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MLA Style Guide Ninth Edition



The publisher is the entity primarily responsible for producing the work or making it available to the public.

The Publisher element may include the following:

  • the publisher of a book
  • the studio, company, distributor, or network that produced or broadcast a film or television show
  • the institution responsible for creating the context of a website
  • the theater company that put on a play
  • the agency of department that printed or produced a government publication


When you give publishers' names in the list of works cited, include the word, Publishing or Publishers (e.g., Workman Publishing) or Pictures (e.g., Dream-Works Pictures) if it appears, but omit words denoting the type of legal corporate entry the publisher is, like Company (Co.), Corporation (Corp.), Incorporated (Inc.), and Limited (Ltd.). Also omit initial articles (The).

If the name of an academic press contains the words University and Press or a foreign language equivalent, use the abbreviation UP or the equivalent in the publisher's name. If University and Press are separated by other words, replace them with U and P (e.g., U of Chicago P).

A publisher's name can be omitted for the following types of publications either because it is not necessary to give the publisher's name or because there is no publisher.

  • periodicals (works whose publication is ongoing, like journals, magazines, and newspapers)
  • works published by their authors or editors (that is, self-published works)
  • websites whose titles are essentially the same as the names of their publishers (e.g., The Modern Language Association publishes a website of the same name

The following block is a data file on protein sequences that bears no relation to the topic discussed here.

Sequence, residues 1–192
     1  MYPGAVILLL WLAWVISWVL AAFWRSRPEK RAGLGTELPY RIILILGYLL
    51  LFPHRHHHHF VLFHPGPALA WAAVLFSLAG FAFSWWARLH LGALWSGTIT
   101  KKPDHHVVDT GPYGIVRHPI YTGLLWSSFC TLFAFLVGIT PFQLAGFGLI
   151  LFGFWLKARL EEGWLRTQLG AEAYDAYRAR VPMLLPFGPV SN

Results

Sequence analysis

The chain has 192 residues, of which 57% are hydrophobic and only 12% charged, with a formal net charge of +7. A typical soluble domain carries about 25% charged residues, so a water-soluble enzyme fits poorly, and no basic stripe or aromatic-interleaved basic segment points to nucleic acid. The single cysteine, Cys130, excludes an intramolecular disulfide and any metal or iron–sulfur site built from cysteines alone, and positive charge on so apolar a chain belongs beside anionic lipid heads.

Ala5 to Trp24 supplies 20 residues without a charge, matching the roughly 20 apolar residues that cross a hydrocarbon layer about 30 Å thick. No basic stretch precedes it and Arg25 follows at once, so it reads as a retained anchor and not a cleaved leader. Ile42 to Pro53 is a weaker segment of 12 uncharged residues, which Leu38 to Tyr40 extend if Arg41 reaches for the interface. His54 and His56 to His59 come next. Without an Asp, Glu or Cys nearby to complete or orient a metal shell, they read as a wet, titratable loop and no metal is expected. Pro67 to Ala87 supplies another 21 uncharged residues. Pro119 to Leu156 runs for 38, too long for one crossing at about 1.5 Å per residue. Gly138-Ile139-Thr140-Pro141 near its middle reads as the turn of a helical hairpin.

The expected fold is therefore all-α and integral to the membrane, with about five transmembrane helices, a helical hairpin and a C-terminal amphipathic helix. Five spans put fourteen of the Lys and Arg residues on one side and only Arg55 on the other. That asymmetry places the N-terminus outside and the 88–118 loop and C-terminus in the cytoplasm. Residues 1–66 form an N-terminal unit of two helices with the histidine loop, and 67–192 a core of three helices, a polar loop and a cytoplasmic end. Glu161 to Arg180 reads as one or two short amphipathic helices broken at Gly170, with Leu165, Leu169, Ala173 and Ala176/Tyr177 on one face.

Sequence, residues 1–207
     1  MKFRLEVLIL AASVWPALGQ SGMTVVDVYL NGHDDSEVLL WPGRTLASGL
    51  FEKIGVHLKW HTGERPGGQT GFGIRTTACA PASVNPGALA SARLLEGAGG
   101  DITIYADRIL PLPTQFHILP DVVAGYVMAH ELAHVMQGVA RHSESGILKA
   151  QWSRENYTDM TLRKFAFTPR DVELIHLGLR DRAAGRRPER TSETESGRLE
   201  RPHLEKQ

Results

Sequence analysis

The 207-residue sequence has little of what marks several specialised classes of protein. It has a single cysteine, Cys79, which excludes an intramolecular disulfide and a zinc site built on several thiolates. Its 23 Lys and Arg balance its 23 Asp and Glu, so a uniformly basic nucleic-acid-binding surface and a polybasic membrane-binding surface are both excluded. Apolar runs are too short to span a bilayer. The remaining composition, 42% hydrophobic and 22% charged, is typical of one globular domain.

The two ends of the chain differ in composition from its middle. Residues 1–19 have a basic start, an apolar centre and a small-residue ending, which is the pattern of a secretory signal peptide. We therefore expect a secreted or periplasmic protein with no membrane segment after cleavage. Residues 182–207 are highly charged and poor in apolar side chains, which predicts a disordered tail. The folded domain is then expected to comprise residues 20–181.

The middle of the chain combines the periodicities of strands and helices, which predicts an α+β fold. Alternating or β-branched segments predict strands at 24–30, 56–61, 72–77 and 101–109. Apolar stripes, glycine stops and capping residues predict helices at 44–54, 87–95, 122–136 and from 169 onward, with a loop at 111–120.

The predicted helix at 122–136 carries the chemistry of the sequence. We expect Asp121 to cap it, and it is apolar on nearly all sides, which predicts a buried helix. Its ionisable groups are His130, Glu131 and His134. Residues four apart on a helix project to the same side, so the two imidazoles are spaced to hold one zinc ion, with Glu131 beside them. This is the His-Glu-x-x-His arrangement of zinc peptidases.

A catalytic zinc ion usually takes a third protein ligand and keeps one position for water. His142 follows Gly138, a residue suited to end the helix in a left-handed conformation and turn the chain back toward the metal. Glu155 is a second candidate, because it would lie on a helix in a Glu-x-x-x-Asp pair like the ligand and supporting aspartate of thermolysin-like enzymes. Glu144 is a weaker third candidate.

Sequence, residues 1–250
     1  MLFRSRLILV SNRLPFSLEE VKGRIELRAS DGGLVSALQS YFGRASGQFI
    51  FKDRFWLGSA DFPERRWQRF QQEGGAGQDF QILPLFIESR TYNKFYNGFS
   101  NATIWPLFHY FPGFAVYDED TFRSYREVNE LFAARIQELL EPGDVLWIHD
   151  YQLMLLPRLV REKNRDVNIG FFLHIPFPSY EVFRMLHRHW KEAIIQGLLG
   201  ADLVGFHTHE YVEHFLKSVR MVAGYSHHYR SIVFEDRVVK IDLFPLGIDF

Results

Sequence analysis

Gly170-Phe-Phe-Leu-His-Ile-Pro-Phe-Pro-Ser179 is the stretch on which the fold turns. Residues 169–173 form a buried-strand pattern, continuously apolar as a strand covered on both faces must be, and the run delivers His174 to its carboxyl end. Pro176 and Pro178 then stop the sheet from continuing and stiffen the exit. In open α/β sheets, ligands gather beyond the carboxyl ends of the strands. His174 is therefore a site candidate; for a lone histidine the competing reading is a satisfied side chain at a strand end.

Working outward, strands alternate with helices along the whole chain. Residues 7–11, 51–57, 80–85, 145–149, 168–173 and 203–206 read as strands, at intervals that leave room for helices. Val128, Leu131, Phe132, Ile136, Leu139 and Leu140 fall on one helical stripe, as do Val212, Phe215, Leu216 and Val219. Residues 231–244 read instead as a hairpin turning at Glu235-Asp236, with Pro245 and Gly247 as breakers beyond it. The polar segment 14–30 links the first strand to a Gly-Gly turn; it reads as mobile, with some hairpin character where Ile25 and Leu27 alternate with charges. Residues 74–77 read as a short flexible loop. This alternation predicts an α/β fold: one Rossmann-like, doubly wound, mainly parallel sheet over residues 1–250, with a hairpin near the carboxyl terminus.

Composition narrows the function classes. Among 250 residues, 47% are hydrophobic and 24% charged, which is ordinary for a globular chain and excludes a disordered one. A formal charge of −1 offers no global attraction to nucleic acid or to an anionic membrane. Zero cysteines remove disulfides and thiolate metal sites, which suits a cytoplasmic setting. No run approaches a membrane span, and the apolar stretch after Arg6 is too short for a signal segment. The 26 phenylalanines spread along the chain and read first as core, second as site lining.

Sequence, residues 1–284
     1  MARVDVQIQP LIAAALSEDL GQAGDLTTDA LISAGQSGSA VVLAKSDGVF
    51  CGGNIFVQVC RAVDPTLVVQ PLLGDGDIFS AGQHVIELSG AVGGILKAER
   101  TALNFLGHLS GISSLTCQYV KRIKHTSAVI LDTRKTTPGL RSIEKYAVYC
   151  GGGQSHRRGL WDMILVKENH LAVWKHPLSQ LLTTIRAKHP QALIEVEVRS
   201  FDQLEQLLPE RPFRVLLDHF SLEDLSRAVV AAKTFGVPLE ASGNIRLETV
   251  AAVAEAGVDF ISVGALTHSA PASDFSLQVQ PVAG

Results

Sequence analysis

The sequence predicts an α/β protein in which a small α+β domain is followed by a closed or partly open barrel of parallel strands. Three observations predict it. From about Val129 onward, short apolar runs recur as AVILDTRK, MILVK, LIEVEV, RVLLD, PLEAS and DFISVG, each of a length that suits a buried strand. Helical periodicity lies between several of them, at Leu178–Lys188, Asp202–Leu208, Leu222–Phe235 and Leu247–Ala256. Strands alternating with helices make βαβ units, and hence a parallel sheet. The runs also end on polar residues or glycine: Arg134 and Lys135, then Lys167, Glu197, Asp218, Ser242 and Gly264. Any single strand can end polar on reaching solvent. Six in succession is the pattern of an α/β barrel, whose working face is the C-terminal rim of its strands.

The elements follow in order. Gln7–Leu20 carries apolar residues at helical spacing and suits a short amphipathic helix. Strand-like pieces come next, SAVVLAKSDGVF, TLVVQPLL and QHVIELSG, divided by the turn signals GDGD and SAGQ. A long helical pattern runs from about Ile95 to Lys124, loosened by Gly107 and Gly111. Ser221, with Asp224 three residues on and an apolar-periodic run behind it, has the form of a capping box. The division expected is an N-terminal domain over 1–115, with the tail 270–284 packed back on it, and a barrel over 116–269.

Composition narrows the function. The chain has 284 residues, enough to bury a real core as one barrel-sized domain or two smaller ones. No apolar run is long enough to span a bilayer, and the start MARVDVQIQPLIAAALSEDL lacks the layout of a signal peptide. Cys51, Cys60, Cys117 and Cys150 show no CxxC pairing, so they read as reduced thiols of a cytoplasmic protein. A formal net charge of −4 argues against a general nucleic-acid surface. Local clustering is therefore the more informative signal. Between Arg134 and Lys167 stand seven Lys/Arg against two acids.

• websites not involved in producing the works they make available (e.g., a service where users upload and manage their own content, like WordPress or YouTube, or a platform that aggregates previously published content, like JSTOR; if the contents of an aggregated site are organized into a whole, as the contents of YouTube and JSTOR are, the site is named in the Container element)



Charon, Rita, et al. The Principles and Practices of Narrative Medicine. Oxford UP, 2017.



Websites are published by individuals and various kinds of organizations, including media companies, corporations, governments, museums, libraries, and universities and their departments. The publisher's name can often be found in a copyright notice at the bottom of the home page or on a page that gives information about the site.

Bauch, Nicholas. Enchanting the Desert: A Pattern Language for the Production of Space. Stanford UP, 2016,

Folgerpedia. Folger Shakespeare Library, 17 July 2018, folgerpedia.folger. edu/Main_Page.


Audio and Visual Media

Publication information for films and television series can usually be found on a screen credit near the beginning or end of a work or on a landing page or navigation menu on the website or streaming service airing the work. Film and television shows are often produced and distributed by several companies performing different tasks. When documenting a work in film or television, you should generally cite the production company that made the show or the network that broadcast it.

"I Have a Thing About Bathrooms." Killing Eve, created by Phoebe Waller-Bridge, season 1, episode 5, BBC America, 6 May 2018.


Multiple Publishers

If two ore more independent organizations are named in the source and they seem equally responsible for the work, include each of then in the Publisher element, separating the names with a forward slash (/). But if you know that one of the organizations had primary responsibility for the work, list it alone.

Parisian, Catherine M., editor. The First White House Library: A History and Annotated Catalogue. Pennsylvania State UP/Bibliographic Society of
          America/National First Ladies' Library, 2010.